Comics / Comic Reviews / Marvel Comics

Thunderbolts #141


By Josh Dean
Feb 24, 2010 - 22:35

Marvel has hit upon a pretty innovative approach to their crossovers of late, and titles that share the trade dress for events like Siege read much better as a result.  I first noticed in Secret Invasion that every Marvel crossover title had the illusion of being pivotal to the main story.  X-Factor had to find the Skrulls Shaman, Hercules fought the Skrull Gods, etc.  As far as this month’s issue of Thunderbolts is concerned, the same formula is working to make these tie-in issues seem like they matter.

Thunderbolts141.jpg


The story picks up with little to no fallout from the shocking death at the end of last issue (I won’t spoil it for those who trade wait).  Rather, the team is thrust right into the events of Siege.  Osborn gives our “heroes” the mission of infiltrating the Asgardian armory and stealing Odin’s Spear.  As the cover gives away, the Thunderbolts will run afoul of a genuine team of heroes but not before clashing with a few Asgardian locals first.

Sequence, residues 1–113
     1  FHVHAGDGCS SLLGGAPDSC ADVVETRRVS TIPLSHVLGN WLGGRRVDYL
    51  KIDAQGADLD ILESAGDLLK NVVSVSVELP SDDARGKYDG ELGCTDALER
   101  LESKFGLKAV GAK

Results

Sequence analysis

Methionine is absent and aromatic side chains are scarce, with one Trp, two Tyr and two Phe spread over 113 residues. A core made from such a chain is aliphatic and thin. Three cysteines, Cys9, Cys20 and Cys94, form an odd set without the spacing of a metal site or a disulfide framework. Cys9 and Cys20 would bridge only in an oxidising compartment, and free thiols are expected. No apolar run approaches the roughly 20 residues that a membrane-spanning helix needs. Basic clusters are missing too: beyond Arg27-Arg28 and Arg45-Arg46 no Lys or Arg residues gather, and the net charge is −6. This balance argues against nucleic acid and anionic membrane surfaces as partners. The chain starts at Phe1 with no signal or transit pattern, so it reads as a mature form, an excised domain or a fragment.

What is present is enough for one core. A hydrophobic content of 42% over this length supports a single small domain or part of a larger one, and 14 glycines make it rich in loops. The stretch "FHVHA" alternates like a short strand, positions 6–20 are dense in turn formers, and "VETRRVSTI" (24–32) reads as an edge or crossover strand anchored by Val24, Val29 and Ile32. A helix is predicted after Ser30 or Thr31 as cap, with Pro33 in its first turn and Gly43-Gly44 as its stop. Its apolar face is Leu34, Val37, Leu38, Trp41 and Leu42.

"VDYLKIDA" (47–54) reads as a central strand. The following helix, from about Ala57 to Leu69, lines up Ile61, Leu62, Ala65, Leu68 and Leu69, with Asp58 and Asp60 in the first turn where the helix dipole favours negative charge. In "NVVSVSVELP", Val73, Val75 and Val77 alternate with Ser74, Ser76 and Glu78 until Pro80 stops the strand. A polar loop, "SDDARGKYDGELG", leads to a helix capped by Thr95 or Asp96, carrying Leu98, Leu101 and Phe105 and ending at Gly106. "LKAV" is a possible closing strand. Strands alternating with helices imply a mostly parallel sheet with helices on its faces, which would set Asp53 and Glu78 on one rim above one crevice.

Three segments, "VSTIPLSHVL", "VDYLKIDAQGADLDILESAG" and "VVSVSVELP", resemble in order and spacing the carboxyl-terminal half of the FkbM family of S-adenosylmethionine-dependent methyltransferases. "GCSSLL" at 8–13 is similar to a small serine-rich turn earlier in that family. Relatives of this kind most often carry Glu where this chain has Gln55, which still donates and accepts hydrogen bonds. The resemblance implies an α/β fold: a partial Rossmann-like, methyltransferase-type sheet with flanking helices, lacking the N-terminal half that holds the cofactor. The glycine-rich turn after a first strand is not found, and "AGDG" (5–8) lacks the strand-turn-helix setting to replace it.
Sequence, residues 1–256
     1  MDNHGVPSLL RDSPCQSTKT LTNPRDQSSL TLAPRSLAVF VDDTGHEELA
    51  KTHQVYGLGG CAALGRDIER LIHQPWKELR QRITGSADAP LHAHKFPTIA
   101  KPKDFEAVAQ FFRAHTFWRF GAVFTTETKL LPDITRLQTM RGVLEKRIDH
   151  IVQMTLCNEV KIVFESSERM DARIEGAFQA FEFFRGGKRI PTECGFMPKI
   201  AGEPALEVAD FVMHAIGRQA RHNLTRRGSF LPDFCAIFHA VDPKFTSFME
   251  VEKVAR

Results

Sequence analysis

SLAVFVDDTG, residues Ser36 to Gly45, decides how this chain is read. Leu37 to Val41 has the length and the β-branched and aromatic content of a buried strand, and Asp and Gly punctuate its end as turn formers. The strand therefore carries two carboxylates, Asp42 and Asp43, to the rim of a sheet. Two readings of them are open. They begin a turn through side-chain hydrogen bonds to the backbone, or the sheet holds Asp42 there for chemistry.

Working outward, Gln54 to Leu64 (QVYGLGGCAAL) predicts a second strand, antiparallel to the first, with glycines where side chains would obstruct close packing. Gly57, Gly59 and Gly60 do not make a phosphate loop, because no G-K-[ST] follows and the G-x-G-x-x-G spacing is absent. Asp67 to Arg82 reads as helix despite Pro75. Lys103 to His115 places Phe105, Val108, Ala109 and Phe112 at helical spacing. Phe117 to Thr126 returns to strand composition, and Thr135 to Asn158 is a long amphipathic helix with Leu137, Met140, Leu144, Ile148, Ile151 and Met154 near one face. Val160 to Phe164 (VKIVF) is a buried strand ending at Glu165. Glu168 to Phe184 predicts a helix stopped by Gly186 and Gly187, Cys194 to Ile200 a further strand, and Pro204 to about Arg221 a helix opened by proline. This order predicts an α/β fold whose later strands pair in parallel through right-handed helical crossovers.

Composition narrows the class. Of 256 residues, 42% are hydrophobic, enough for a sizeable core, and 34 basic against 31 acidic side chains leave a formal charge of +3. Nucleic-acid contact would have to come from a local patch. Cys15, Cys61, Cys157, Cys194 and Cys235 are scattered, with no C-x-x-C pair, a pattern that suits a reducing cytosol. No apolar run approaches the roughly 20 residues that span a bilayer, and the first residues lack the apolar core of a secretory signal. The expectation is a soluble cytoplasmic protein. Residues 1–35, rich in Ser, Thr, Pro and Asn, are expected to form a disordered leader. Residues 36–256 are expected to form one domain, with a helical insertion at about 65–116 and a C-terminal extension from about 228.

Parker makes this kind of story seem easy.  After Diggle’s run failed to gain real traction despite a crackerjack premise, Parker has taken it upon himself to move the characters forward with small, telling moments.  In this issue, Parker is obviously playing to the new readers who are only picking this up as part of Siege but he delineates everyone’s personality and motivation with a few deft strokes as the action rolls ahead.  Not to say this issue is flawless, a clunky bit of exposition from a pre-recorded Norman Osborn awkwardly reminds the team of their own abilities.  When one has 22 pages to make new readers comfortable, sacrifices must be made.

Sepulveda brings to mind Howard Porter’s painted work from the past few years and generally fits the dark tone of the team.  Murdering psychopaths with a limited color palette are drawn particularly well in close-up here (although the composition falls apart slightly with medium and long shots).  The garish heroes who appear at the conclusion of the book may not fare so well next issue if the same art team is on call.

Overall, this is a fun issue filled with action and some nice character work that is only bogged down by the editorial demands of working inside a crossover. Pick it up and stick around after Siege to enjoy one of Marvel’s best under-the-radar titles.

Rating: 8 /10


Last Updated: Jun 26, 2018 - 9:28

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